Vickie Guerrero is My Favorite Wrestler


While your correspondent’s affection for Vickie is somewhere between “off the charts” and “fanboy”, this segment showed how much in control she was of the reaction to her, playing off of Stephanie’s wickedness (which we’ll get to later) to turn herself face on a dime, not by invoking her husband’s name — Stephanie did that — but his spirit. Part of what made Vickie such a great heel was to never genuinely engage the audience as a direct conduit to Eddie. She never felt like a Guerrero, in large part because she knew doing that would not let her get the crowd to react to her the way she wanted — and WWE needed — them to. She is an all-time great genuine heat magnet, up on the same level as Heenan, willing to do anything (which we’ll get to later,) to give the crowd the pay off it wanted. And because of that, she’ll likely be joining him in the Hall of Fame one day.

Outside of the rise of Sergeant Handsome Prince, the biggest story of the past year is clearly Luke Harper, who has evolved from “weird goon for hillbilly preacher” to “guy who goes 15+ minutes with John Cena on Raw”. His work, and the way the crowd reacts to him, is changing the way the WWE looks at independent workers. Signings like Kevin Steen would have never happened with the Brodie Lees of the world. With the Performance Center and NXT, the WWE has created a factory for creating WWE characters and performers. That’s not to say anyone can be a star in the WWE, or even work out in the WWE, but they are at least licensed and certified in a WWE-style show by the time they appear on the main roster.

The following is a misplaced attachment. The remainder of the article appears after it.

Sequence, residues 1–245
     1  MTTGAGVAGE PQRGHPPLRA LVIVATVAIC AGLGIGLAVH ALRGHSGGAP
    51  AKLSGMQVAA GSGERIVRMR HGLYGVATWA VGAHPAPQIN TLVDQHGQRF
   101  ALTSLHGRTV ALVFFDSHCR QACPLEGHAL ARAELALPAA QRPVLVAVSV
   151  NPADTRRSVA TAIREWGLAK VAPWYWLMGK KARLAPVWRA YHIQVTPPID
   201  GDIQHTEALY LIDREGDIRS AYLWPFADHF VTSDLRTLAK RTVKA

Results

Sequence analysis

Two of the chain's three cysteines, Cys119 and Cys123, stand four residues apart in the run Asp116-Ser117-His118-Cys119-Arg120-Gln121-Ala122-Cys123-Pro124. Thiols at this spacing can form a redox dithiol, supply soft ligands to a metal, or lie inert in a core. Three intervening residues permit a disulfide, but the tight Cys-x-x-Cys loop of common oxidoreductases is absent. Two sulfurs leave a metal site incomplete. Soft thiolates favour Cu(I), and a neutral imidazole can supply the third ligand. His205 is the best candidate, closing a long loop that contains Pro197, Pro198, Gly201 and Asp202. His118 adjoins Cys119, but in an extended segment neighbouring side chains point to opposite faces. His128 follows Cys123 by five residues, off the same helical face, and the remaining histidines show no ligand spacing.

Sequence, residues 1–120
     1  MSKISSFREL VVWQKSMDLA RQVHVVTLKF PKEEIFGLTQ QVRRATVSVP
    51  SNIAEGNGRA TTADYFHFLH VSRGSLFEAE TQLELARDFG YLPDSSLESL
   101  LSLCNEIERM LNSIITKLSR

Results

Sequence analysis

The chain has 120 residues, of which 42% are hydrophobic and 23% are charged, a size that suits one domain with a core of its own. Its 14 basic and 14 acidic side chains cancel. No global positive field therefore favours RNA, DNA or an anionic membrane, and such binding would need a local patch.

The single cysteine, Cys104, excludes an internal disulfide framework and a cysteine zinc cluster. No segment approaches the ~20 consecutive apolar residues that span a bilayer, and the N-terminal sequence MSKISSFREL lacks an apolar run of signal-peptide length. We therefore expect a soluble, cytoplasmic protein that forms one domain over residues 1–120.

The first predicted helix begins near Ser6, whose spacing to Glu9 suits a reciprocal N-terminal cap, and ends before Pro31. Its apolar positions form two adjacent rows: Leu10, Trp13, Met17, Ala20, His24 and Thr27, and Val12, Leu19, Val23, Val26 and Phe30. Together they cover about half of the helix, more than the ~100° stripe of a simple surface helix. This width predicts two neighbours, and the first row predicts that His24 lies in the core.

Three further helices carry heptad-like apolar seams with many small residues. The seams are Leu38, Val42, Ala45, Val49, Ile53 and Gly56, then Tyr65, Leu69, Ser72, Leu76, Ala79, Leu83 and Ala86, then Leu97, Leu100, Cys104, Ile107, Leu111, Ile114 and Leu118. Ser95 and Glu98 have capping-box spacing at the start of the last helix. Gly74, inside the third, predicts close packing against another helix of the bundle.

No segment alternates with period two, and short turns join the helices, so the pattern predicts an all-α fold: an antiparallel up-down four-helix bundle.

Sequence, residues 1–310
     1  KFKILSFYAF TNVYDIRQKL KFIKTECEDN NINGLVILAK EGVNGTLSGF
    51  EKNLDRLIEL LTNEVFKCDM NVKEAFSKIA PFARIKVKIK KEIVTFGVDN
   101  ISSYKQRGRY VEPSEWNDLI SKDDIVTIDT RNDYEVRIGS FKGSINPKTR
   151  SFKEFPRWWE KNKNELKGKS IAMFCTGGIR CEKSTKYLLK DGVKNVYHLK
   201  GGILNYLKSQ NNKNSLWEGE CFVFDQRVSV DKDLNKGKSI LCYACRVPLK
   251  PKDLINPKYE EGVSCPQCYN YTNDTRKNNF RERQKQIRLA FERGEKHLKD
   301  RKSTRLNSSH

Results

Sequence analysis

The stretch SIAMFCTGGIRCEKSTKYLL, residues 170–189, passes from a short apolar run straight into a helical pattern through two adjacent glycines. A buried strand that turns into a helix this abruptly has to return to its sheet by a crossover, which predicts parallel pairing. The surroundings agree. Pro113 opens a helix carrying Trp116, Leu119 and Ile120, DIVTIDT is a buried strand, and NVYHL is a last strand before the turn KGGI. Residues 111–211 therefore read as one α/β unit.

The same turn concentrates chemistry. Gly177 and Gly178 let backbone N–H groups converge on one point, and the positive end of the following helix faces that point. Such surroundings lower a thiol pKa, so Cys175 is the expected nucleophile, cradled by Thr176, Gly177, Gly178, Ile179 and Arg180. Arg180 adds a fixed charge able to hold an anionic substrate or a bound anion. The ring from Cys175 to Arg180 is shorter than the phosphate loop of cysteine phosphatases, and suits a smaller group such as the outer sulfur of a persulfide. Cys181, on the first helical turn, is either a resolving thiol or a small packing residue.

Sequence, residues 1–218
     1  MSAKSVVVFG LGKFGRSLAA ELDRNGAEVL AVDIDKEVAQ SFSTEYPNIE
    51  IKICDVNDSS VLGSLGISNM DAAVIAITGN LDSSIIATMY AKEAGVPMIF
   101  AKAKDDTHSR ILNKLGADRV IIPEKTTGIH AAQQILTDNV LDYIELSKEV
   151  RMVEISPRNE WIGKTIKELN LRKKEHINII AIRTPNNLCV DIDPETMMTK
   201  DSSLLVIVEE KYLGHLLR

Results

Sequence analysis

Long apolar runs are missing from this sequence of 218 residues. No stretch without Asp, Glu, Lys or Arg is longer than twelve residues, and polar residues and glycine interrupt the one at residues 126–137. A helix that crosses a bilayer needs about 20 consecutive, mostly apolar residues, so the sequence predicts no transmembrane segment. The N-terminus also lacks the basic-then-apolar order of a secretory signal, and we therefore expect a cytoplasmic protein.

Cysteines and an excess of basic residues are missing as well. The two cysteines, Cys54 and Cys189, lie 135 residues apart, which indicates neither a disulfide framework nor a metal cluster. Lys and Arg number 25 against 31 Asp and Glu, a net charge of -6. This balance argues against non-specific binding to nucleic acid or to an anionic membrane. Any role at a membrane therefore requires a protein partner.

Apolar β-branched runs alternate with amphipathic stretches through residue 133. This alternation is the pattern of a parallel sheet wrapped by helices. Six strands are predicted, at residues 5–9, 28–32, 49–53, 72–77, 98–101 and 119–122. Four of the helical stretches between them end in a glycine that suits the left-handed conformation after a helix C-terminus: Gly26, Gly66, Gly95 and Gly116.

On a scale from one to Al Snow as Leif Cassidy, Erick Rowan is about nine-and-a-half Jannettys.


We’ll be covering Rusev and Lana’s wonderful “your town/country sucks” bit in front of the Capitol building later today, but this — along with last week’s moment with Roman Reigns during the Battle Royal — makes it pretty clear that someone up there (in Titan Towers) loves this gimmick.

I don’t usually complain about anything, or try to keep things in a positive perspective intentionally. Not just as a writer, but as a fan. And it’s because it makes things like whatever the hell they were doing by giving Cameron a live mic go down a lot easier. But seriously, that was awful. Awful.

Bo Dallas, on the other hand, has made an un-BO-leivably good transition from his part of the WWE minor leagues, NXT.


The relationship between HHH and Seth Rollins seems to be the type of apprenticeship that extends backstage. It’s clear that the WWE has always thought highly of Rollins — he was the first NXT champion — but this is some next level support for him. We often talk about people getting rockets strapped to their back, but it’s very rare to see one performer be groomed for the throne. To see, from the same stable, no less, be there in the same year is something we will never see again.